Gone are Uber’s low mortgage rates for 2021. In fact, average fixed 30-year mortgage rates have risen from about 3.5% to about 5.6% this year, and professionals say they expect them to rise even more (see Lowest Mortgage Rates You Can Get it now here). One might think that these higher rates would help dampen home price growth, as families are less likely to be able to afford a mortgage, but is this true? And what else happens with housing prices? We asked five positive people to rate them.
Prediction 1: A shortage of inventory means that home prices may continue to rise
The supply of homes available for sale is so low that a significant drop in demand as a result of rising prices will not turn this into a buyer’s market, say the professionals. “Home prices will continue to rise as there are not enough homes to meet demand, but the combination of higher home prices and higher mortgage rates means that fewer people will be able to afford the purchase,” says Holden Lewis, a real estate and mortgage expert at Nerdwallet, who expects Mortgage rates continue to rise but at a slower pace than they have over the past few months (see the lowest mortgage rates you can get right now here). That means demand is likely to decline in the fall and winter, although home prices will continue to rise, albeit more slowly, Lewis says.
Prediction 2: Cash buyers still play a big role in this housing market – meaning prices don’t have as much of an impact as you think
“Roughly 30% of transactions are in cash, so there is a large pool of buyers who are not affected by the interest rate,” says Greg McBride, chief financial analyst at Bankrate. This means that higher interest rates will not have as much of an impact on this housing market as one might think.
Prediction 3: Demand will remain high and so will home prices
Rapidly rising mortgage rates have had a negative impact on mortgage demand since the start of the year, but there’s no sign of a drop in demand, says Jacob Channel, chief economist at LendingTree. As of April, the Mortgage Bankers Association projected that mortgage facilities would total $2.58 trillion in 2022, down 35.5% from 2021. While this is a significant drop, it’s important to note that if mortgage facilities total $2.58 trillion. , they will remain. higher than in 2019. Meanwhile, data from the Census Bureau and HUD indicate that the median home price for new residential homes in March 2022 was higher than in March 2021, despite higher rates. “This suggests that people are still willing to pay top dollar for homes even in an environment of rising prices,” says Lewis.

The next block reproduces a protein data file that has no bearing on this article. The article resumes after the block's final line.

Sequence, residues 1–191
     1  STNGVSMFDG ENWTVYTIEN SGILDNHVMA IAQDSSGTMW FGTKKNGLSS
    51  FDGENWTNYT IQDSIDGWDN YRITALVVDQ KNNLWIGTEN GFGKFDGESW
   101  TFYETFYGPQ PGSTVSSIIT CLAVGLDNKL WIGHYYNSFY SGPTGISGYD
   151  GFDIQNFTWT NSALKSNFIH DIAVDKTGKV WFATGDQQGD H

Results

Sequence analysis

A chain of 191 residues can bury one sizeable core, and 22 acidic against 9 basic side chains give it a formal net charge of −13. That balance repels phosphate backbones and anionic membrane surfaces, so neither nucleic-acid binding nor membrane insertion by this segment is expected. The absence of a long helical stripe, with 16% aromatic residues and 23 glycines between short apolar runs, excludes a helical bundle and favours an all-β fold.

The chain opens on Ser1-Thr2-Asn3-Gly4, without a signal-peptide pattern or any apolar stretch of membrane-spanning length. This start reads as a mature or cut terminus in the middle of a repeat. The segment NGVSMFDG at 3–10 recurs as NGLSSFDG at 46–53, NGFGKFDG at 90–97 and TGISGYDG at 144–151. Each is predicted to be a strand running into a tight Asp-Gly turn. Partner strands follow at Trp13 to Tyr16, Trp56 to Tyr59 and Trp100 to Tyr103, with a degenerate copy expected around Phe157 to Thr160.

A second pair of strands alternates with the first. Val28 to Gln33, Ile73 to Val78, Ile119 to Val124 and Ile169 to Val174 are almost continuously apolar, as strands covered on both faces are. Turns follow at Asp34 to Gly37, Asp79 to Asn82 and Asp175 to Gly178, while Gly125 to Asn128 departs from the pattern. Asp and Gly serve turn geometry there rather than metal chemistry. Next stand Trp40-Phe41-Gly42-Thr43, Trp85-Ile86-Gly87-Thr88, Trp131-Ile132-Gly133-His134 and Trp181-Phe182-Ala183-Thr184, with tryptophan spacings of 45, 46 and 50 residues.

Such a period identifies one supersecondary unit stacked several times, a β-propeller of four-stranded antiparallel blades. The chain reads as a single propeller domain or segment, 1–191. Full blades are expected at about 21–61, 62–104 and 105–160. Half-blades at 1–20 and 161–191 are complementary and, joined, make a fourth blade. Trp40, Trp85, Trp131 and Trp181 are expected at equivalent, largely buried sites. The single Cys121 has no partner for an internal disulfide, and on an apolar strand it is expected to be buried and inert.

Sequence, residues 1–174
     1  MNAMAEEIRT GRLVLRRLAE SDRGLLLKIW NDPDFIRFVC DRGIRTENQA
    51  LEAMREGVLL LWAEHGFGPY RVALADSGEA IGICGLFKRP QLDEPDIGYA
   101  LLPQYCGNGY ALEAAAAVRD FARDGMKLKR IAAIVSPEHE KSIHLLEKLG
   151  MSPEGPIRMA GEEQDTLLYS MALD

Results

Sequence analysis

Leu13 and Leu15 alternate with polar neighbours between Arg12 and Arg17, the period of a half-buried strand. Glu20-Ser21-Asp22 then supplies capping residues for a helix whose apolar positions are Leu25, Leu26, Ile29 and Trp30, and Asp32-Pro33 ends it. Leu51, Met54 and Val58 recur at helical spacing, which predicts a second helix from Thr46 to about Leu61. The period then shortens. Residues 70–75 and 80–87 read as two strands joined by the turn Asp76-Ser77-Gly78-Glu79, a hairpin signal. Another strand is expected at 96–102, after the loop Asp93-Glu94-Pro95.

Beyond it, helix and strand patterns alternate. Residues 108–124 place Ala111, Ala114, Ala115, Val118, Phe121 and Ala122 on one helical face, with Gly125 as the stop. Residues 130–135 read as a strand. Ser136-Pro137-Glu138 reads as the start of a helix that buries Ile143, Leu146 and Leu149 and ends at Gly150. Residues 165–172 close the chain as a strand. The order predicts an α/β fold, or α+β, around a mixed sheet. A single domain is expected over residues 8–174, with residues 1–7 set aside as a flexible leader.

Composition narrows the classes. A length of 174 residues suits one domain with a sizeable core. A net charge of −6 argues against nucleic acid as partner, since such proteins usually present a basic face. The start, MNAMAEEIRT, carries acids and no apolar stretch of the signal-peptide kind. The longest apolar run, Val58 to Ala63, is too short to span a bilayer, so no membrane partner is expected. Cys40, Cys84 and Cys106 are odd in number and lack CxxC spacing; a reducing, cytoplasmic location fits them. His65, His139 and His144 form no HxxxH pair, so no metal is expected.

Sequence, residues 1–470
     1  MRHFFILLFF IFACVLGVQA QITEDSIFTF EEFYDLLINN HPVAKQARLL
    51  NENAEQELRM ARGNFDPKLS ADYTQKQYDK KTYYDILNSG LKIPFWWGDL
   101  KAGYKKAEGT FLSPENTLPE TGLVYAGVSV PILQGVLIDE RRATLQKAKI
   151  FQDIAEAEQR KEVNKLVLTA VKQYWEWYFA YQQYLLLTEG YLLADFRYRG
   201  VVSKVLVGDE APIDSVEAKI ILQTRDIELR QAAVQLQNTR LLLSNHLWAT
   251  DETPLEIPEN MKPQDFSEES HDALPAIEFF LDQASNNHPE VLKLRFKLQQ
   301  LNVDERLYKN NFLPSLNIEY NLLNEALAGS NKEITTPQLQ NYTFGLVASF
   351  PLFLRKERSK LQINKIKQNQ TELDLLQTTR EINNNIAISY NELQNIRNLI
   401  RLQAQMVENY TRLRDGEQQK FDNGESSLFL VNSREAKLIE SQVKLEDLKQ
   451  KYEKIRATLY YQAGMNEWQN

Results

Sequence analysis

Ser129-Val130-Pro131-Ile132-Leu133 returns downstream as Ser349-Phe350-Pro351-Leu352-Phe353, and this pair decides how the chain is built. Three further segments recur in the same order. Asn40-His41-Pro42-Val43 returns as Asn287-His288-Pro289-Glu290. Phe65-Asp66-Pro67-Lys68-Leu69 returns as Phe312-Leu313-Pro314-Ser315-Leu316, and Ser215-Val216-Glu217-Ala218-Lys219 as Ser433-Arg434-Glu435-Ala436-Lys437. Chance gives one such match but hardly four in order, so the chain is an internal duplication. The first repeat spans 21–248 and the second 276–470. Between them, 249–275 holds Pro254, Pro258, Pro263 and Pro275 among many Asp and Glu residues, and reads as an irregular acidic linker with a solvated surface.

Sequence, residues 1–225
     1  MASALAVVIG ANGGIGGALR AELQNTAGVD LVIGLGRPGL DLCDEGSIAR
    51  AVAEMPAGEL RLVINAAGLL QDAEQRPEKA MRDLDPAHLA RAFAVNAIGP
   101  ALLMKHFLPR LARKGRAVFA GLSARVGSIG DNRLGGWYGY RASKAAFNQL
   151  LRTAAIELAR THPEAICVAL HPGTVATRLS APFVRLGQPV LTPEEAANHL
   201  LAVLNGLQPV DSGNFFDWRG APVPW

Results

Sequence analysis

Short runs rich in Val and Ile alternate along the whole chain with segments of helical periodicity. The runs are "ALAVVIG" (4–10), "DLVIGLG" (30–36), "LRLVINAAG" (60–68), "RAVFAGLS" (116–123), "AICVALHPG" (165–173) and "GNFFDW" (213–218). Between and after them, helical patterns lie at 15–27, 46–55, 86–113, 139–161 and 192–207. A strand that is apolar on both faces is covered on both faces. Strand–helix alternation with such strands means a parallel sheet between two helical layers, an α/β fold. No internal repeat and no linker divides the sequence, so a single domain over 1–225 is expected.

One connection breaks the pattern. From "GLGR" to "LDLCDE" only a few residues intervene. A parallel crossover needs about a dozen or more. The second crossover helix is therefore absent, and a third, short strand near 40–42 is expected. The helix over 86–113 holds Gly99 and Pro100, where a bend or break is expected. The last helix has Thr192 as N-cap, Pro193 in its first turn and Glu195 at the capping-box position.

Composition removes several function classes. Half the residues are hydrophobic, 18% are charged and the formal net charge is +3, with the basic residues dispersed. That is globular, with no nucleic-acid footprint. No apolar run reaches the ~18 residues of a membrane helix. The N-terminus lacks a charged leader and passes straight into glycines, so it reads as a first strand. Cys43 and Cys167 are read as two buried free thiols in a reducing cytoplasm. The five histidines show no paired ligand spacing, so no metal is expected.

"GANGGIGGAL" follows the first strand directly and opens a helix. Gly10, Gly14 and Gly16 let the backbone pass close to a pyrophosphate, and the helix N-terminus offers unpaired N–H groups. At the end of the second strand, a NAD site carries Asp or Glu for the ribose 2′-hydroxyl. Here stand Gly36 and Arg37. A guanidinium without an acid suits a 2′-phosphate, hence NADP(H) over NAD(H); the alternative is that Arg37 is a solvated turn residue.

The cost of financing a typical home for sale has increased dramatically in the past year, prompting many shoppers to rethink budgets and potentially taking some families out of the home-buying market for now, says Realtor.com economist Danielle Hill. But at the same time, a large number of young families still want to own a home and feel the urgency of finding a home and fixing the price before mortgage rates and home prices go up again (see the lowest mortgage rates you can get right now here) . “Combine these adjustments with changing financial conditions with the still-large share of households in prime home buying ages and long decades under construction in the housing market that has left the market in short supply, which is a recipe for keeping prices high,” Hill says.
At the end of the day, home buying demand has so far remained resilient in the face of rapid price hikes and recent interest rate gains, both of which limit what home buyers can afford. “There will be a point where costs become too high for many and price growth begins to slow, but we are far from anything resembling a normal market by pre-pandemic standards. There are far fewer homes for sale than the market would normally expect at this time of year, and homes continue to be Selling remarkably quickly. Zillow economists expect home values to grow another 14.9% over the next year,” says Matthew Speakman, chief economist at Zillow.
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Prediction 4: It may take a major event to send home prices down
Ultimately, in order to drive up prices to blow up home prices, we must see much less demand and much more supply of housing than we currently see, say the professionals. “Even if price growth has been subdued this year, all of the current data is that home prices are unlikely to fall so hard. Except for the kind of large-scale mortgage default that led to massive home sales like what we saw before the financial meltdown. For 2008, or mortgage rates suddenly skyrocketing to the double levels of the early 1980s, home prices seem high, Lewis said.